The emotional epidemiology of influenza vaccination
That’s the title of an interesting editorial in a recent issue of the New England Journal of Medicine. It’s interesting because how people think about, and act towards, an epidemic is in many ways as important as the medical aspects of the disease. So the emotional epidemiology is important
The H1N1 vaccine became a controversial subject, although not among medical scientists. There were some glitches in the vaccine supply, but these are easily explained by the lack of lead-time in vaccine manufacture. Generally the manufacturers get about a year to produce the next year’s vaccine; in this instance they only got half that time. The interesting thing is that, by the time the vaccine became available in large quantities, the same people who were clamoring for it in mid-2009 (and upbraiding the system for not have it ready) were now suspicious of it, even afraid of it.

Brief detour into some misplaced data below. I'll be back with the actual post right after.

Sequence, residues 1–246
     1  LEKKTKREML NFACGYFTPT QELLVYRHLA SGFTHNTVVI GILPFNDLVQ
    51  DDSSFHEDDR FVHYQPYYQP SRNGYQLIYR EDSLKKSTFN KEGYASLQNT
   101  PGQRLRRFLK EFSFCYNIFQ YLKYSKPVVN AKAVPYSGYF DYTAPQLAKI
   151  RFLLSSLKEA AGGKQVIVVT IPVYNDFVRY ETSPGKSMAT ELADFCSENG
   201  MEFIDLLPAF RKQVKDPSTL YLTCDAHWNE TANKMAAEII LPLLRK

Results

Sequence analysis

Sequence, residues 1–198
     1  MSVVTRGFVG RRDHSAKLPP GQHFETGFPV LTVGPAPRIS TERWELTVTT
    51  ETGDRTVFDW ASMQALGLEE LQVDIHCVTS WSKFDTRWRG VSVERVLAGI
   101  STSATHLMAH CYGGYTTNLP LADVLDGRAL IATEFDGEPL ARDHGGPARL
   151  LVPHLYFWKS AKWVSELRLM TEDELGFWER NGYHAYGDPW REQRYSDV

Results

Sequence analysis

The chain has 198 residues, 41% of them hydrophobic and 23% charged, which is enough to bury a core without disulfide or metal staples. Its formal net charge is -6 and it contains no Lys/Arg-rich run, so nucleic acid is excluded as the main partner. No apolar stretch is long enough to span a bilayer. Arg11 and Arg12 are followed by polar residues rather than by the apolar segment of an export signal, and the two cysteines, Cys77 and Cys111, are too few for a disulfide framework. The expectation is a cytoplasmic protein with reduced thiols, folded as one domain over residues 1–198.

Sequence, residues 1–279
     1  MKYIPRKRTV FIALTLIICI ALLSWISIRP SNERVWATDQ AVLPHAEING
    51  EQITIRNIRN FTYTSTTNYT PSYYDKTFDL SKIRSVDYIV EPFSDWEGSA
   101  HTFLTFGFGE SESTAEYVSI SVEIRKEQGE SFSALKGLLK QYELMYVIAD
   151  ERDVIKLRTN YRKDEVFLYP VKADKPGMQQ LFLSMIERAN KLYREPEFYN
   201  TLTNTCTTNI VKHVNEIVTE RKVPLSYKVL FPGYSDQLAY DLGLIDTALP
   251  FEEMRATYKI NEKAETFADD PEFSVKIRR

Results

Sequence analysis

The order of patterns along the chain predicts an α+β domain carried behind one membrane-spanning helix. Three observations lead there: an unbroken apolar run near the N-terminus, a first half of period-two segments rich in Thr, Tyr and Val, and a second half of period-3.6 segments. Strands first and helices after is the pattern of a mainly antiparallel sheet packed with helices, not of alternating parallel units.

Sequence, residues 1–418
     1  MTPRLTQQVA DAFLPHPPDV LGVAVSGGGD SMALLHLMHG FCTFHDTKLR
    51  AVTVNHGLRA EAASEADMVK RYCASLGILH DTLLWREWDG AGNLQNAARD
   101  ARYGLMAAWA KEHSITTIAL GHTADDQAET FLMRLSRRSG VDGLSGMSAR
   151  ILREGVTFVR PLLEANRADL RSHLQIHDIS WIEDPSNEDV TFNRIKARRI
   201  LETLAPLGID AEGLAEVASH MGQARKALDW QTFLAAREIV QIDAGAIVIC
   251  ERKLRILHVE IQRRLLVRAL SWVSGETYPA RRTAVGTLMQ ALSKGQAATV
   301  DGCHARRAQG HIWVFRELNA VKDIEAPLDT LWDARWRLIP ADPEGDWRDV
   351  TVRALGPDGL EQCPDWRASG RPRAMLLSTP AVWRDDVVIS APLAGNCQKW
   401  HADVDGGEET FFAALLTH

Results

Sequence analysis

Why did this happen? One culprit, of course, is the voracious 24 hour news cycle that demands extreme stories. The “swine flu plague” played right into that. Another is that we physicians lack an appreciation for “emotional epidemiology,” causing a subsequent lack of vigor in addressing influential, but misleading articles, such as this one. (This article has been demolished in many places, such as here specifically and here, more generally.)